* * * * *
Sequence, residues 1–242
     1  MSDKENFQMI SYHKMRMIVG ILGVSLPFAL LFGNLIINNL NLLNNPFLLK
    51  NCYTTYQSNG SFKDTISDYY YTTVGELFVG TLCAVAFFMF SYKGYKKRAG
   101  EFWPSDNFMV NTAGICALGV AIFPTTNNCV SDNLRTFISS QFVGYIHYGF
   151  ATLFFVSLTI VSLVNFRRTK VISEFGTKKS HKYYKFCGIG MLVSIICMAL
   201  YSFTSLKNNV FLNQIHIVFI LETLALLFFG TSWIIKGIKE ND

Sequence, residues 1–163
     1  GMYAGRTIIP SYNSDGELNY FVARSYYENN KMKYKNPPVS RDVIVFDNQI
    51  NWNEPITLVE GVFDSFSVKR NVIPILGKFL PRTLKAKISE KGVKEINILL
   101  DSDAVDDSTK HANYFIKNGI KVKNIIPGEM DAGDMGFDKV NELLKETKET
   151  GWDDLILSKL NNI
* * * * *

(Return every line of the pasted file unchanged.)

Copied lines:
Sequence, residues 1–242
     1  MSDKENFQMI SYHKMRMIVG ILGVSLPFAL LFGNLIINNL NLLNNPFLLK
    51  NCYTTYQSNG SFKDTISDYY YTTVGELFVG TLCAVAFFMF SYKGYKKRAG
   101  EFWPSDNFMV NTAGICALGV AIFPTTNNCV SDNLRTFISS QFVGYIHYGF
   151  ATLFFVSLTI VSLVNFRRTK VISEFGTKKS HKYYKFCGIG MLVSIICMAL
   201  YSFTSLKNNV FLNQIHIVFI LETLALLFFG TSWIIKGIKE ND

Sequence, residues 1–163
     1  GMYAGRTIIP SYNSDGELNY FVARSYYENN KMKYKNPPVS RDVIVFDNQI
    51  NWNEPITLVE GVFDSFSVKR NVIPILGKFL PRTLKAKISE KGVKEINILL
   101  DSDAVDDSTK HANYFIKNGI KVKNIIPGEM DAGDMGFDKV NELLKETKET
   151  GWDDLILSKL NNI